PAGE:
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Have Traditional Resumes and Job Descriptions Become Redundant?

The race to find talent in the modern-day hiring process is growing more intense, and forcing us to re-think traditional recruitment methods.

The Quickening Pace of Modern Life

We live in a world that increasingly values immediate gratification. The pace of modern life is undoubtedly going to have a disruptive effect on hiring processes that for decades have remained fairly constant. I made my first placement as a recruiter more than 25 years ago; and the process was almost identical to the placement I made last week! But change is coming.

Traditional Job Descriptions Lack Appeal for the New Generation                                                         

Historically, recruitment usually starts with a fairly long job description. It lists all the responsibilities the employer is looking for. Often these are written with a narrow point of view that is inwardly focused, without much consideration for the wider target audience.  Job descriptions frequently contain acronyms used only within the company.

A series of bullet points follows, enumerating all the required qualifications and experience that the applicant must have, for example: 

  • Bachelor’s degree in business, engineering or related field
  • Minimum 8 years’ experience as a supply chain manager
  • At least 4 years in a leadership position

The traditional job description is not enticing. It can appear stiff and aloof, off-putting to today’s next generation of up-and-coming talent. More importantly, these job descriptions often do not precisely describe exactly what and who is needed.

Most Resumes are Uninspiring

Then we look at resumes. Most candidates make their first resume when they graduate from school. Instead of properly updating and overhauling their resume every year or two, jobseekers usually just add job descriptions to their resume as they go through their careers.

Most of the resumes I see simply list the responsibilities the candidate had in current and previous jobs – sometimes they just copy and paste the corporate job descriptions onto the document. Crafting an attractive resume requires more effort than this. Otherwise, you’ll end up with an uninspiring resume that fails to showcase your abilities and the best aspects of your character.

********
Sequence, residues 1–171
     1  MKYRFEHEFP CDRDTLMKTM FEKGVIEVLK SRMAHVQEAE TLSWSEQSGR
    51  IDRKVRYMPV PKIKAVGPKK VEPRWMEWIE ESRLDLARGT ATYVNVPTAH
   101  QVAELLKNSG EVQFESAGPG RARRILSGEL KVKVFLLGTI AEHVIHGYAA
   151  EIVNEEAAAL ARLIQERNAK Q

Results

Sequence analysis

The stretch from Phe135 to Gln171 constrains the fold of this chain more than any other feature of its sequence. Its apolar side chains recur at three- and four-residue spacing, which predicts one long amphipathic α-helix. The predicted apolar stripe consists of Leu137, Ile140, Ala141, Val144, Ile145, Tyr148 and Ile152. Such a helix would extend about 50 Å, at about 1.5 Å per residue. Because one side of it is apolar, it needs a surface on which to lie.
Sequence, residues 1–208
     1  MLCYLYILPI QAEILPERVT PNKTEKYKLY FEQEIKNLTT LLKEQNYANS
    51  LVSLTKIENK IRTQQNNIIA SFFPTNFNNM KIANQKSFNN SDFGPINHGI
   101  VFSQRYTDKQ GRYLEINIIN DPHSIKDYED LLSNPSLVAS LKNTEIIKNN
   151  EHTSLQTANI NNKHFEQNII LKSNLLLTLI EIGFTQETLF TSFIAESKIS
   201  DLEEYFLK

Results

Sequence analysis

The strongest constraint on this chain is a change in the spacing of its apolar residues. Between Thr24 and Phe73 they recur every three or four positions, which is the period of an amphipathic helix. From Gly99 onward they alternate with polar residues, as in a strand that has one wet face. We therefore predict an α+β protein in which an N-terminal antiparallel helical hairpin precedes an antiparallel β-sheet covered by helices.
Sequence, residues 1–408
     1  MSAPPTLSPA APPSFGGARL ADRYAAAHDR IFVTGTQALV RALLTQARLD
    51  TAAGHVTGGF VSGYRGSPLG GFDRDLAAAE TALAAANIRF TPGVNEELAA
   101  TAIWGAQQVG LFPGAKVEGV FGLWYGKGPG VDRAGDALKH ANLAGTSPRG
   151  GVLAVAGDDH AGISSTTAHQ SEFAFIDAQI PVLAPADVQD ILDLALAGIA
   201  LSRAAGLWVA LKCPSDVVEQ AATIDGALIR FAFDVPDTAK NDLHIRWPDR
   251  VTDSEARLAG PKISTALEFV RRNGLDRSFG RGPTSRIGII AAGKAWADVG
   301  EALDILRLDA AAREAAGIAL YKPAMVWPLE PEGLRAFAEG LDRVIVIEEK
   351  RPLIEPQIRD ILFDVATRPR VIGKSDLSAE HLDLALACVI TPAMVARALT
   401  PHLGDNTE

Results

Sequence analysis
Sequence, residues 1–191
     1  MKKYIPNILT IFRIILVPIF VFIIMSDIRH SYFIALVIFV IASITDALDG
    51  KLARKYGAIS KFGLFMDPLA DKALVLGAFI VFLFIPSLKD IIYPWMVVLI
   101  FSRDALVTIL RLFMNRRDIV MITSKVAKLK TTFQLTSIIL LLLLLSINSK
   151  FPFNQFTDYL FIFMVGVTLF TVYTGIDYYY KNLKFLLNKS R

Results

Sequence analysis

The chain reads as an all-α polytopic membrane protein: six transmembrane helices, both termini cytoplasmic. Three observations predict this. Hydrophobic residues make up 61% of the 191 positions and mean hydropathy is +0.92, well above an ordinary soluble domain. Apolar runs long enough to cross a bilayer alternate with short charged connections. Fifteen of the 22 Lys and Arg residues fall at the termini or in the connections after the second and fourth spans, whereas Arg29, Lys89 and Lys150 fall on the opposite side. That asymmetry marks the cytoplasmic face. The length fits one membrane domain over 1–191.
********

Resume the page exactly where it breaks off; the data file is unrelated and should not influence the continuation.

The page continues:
Consult with a Professional Recruiter

My role as a recruiter is to analyse job descriptions and resumes, and then to consult with both hiring managers and candidates to ‘bridge the gap,’ and get us to the short-list and interview stage as quickly as possible.

The Talent Marketplace is Evolving

Let’s start by looking at two vital trends in the talent market:

First, candidates now expect companies to “sell” them on a job: in-demand talent will consider an employers’ image and culture more than ever before, placing a high value on ESG, DEI, and work-life balance.

Secondly, it’s important to keep in mind that specific skills and experience quickly become out-of-date in today’s tech-driven marketplace. For candidates, demonstrating agility, eagerness and a propensity to learn are keys to growth and success.

How to Write More Appealing Job Descriptions

For hiring managers, it’s important to remember the goal of the job description is to attract the right candidate; it’s not necessary to list and describe every possible scenario that may occur on the job. Here are a few simple changes you can make to attract the best talent:

  • Start from scratch: do not simply update the old job description
  • Highlight the company’s shared values
  • Keep the list of responsibilities concise
  • Avoid the use of internal company terms and acronyms
  • Requirements and qualifications should focus more on skills and character than specific experience
  • Always include information about career development

Update Your Resume, Get More Interviews

Here are a few tips on how to present yourself in the best possible light. Remember, the goal of your CV is to get an interview – you can worry about landing the job later!

  • As you go through your current resume, look for all areas that can be updated. This document needs to represent who you are today. For example: You may have described in great detail the responsibilities of a job that you left 10 years ago. But that role is less relevant to your professional profile than more recent positions. So revise the job descriptions accordingly, to emphasise the talents and capabilities you possess now, and focus less on the jobs that served as stepping stones.
  • Write a concise statement describing yourself to provide immediate impact
  • Start your career history with your most recent job
  • Focus on achievements more than responsibilities
  • Include some information about your life outside the workplace – interests, activities, sports, charity work
  • Keep it simple – your resume should not be longer than two pages
  • As you read the resume, ask yourself: Would YOU want to meet and interview the person described in this document?

Keep Evolving, Keep Adapting

The nature of work has changed a great deal and will continue to do so. Some jobs will be taken over by AI, some jobs will disappear. There are always new jobs appearing – such as Prompt Engineers – but most jobs will just continue to evolve as skillsets become redundant more quickly.

Therefore, companies will rely more and more on hiring and retaining talent with the right mindset, character, and capabilities to learn new things, build strong relationships, and develop new skills.

With all these changes, there is one constant: Employers’ job descriptions and jobseekers’ resumes are key to attaining mutual success and happiness.

If you would like to discuss how to optimise your company’s job descriptions or how to polish your resume, please feel free to reach out to me at LinkedIn